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Birder Jargon Project: Pieces of String

March 14, 2012

Whenever I find myself in a situation where I end up taking about birds and birding with a group of non-birding friends or associates (yes, I have those), the part of our culture that seems to most consistently blow minds is that idea that so much of what we do is based on trust.  Birds fly, they aren’t always refound, and very often we’re in the situation of judging the validity of a sighting based solely on the reputation of a person we may have never met in person.  This is a very strange thing for the general public – hell, it’s a very strange thing among birders if you stop to think about it for more than a few seconds – and I’m invariably asked the question that every birder seems to have to answer an inordinate number of times, “how do you know they’re telling the truth?”.

And the short answer is, you don’t really.  Perhaps part of it is that, when it’s all said and done, the proper identification of individual birds is an incredibly small matter in the whole scheme of things even if it’s the entire raison d’etre of our avocation, and it’s not worth getting worked up over the regular species you might see in any given year.  Those Common Mergansers may not have been Red-breasteds, but neither are that uncommon so we just call it a wash.  And misidentifications happen.  They are as constant as the song of Yellow-throated Warblers in late March, and the wonderful thing about birders is that well-intentioned identifications are par for the course.  Even experts are not immune.  Birding, after all, is not easy and birds don’t always tee up like they do in the field guides.  It’s the very literal nature of the beast*.

*This is perhaps another opportunity for my well-worn path to the soapbox to go on about how the difference between expert birders and novices on matters of misidentification is less a matter of skill (though that plays a role) and more a matter of knowing when to keep your mouth shut and not to blurt out the first thing to come to your head.  But let’s keep on track…

What I rarely bring up when discussing trust in birding with non-birders, is the face that the malicious and intentional misleading reports of rare birds do occur.  It’s actually because of the inherent trustworthiness of birding culture worldwide that these sorts of incidents are so damaging.  But they happen often enough that we birders have a word for them.  String.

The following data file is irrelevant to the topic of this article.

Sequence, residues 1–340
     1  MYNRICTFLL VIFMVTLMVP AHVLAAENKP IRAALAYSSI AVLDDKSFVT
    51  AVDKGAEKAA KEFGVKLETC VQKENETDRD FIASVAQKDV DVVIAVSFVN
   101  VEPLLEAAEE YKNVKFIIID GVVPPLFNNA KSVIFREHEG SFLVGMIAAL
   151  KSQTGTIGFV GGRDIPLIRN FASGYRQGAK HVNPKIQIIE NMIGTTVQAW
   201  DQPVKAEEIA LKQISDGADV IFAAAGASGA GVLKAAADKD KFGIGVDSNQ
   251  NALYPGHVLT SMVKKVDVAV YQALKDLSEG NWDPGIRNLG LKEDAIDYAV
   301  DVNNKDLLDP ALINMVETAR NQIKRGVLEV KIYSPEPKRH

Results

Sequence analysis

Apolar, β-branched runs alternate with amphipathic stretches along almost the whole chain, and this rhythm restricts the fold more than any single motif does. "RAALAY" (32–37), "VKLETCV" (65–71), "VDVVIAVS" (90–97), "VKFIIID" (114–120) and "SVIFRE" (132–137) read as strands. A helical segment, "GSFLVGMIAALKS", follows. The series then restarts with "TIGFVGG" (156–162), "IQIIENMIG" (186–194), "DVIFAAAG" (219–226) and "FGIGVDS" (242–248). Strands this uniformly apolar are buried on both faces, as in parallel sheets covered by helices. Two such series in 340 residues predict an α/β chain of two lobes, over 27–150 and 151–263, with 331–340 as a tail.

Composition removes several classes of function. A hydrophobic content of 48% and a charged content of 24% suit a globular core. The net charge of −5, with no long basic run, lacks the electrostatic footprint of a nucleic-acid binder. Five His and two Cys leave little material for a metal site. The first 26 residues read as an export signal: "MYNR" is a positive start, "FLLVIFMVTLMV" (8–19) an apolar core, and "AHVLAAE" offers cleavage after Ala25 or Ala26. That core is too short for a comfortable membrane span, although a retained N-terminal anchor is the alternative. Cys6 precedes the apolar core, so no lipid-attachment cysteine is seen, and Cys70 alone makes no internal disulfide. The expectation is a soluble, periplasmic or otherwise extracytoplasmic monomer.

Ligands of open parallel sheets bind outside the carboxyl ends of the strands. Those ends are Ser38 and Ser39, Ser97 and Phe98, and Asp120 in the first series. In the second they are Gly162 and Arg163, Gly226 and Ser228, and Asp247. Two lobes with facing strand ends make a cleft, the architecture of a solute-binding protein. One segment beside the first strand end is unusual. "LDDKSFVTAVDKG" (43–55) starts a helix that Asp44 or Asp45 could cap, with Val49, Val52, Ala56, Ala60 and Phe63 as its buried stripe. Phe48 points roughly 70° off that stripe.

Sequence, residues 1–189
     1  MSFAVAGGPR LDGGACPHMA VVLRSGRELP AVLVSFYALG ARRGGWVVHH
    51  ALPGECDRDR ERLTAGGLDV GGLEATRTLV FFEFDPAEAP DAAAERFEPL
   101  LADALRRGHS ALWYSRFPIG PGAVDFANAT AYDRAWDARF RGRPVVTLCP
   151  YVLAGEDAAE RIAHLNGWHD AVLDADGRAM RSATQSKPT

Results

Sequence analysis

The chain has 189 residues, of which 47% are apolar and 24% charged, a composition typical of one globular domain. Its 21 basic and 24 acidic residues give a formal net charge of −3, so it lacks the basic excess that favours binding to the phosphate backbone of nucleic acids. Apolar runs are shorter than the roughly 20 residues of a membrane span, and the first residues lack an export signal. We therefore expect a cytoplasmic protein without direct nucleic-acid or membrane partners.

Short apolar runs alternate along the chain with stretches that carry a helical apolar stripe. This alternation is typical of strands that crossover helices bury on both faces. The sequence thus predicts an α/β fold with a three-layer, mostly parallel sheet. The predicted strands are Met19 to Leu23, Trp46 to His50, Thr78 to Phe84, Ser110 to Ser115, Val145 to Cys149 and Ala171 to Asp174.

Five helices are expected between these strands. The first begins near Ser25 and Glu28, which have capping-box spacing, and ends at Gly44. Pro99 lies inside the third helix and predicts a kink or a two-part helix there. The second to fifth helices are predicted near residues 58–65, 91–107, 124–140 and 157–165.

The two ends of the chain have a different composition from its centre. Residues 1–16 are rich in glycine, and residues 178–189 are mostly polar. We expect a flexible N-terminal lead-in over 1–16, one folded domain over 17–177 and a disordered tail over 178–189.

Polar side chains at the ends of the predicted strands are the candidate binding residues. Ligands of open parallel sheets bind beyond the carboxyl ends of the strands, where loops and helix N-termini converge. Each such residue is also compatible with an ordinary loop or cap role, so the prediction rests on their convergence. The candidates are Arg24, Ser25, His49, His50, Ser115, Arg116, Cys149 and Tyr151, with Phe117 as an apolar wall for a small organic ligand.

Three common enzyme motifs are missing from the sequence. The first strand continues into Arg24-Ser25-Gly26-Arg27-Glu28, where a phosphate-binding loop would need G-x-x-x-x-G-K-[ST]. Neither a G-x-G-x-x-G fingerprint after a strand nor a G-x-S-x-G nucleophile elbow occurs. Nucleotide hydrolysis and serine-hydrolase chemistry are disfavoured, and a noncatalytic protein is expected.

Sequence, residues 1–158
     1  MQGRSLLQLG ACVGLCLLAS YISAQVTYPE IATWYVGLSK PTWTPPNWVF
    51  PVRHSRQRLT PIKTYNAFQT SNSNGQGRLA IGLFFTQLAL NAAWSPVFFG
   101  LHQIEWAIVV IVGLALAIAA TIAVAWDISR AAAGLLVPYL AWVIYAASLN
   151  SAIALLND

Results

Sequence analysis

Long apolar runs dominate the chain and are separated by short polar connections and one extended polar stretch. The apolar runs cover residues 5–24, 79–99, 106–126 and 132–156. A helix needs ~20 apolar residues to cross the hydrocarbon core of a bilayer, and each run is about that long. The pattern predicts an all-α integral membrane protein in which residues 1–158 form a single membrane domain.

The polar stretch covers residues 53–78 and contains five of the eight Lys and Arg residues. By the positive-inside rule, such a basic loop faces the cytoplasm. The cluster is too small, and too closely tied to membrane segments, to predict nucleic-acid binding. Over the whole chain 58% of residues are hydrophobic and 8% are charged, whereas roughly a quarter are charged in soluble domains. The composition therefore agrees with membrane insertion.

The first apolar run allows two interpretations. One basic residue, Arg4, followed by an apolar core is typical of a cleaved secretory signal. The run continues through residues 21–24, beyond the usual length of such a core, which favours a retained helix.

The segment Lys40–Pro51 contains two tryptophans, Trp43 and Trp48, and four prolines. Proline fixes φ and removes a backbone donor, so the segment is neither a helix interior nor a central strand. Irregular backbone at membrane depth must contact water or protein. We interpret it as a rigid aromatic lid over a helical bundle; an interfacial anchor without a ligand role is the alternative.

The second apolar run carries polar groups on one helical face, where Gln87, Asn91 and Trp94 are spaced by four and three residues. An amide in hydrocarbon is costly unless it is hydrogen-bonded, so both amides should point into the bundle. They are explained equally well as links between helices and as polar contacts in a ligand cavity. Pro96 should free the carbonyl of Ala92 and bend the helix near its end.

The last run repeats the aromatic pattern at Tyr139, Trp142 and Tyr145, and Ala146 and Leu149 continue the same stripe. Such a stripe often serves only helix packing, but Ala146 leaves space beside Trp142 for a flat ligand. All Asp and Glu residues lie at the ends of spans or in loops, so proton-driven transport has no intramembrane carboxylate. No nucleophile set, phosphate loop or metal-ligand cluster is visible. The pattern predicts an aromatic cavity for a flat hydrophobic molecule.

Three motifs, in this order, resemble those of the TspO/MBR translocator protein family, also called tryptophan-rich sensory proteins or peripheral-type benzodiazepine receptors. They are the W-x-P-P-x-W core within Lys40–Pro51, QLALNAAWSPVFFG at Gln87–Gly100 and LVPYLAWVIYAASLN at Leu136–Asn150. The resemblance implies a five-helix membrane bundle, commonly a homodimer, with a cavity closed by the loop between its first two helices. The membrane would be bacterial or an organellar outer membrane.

A photo means there's no string, but if I hadn't?

A person who wrongly reports a rare bird, or has a reputation for reporting unsubstantiated rarities, is a stringer.  That person is stringing.  I suppose that means we’re all strung? This is another one of those British birdwatching terms that has gained some traction in North America, though its use in the UK has some historical context.  In the no-holds-barred, bare knuckles world of British twitching there have been some egregious examples of stringing, perhaps the most famous of which was recounted in Mark Cocker’s book Birders: Tails of a Tribe (well worth a read) and involved a first UK record for Black Lark that ended up being a small wooden model photographed in soft focus at some distance so as to seem real.  So far as I know, nothing like that has ever occurred in North American birding circles.

It’s important to point out that misidentified birds wrongly reported as rare species are not, in and of themselves, examples of string.  As I mentioned above, birding is hard and people make mistakes.  But a birder can build up a reputation as a stringer if rare birds with poor details, particularly those that cannot be corroborated by photographs or subsequent observers, continue over a period. Occasionally a birder can wrongly get a bad reputation, and the sad fact is that once gotten, such notoriety can be hard to get rid of.  That’s the ugly side of birding, I suppose.  That trust that we hold in such high esteem comes with a cost.  It’s a warning to prospective birders that rare bird sightings should be taken on in full understanding of the consequences, and with full confidence of the identification, and hopefully good notes too.  Your reputation is all you have as a birder, for better or for worse.

But I suppose you don’t have to take my word for it.  I’ve always been the sketchy sort anyway…


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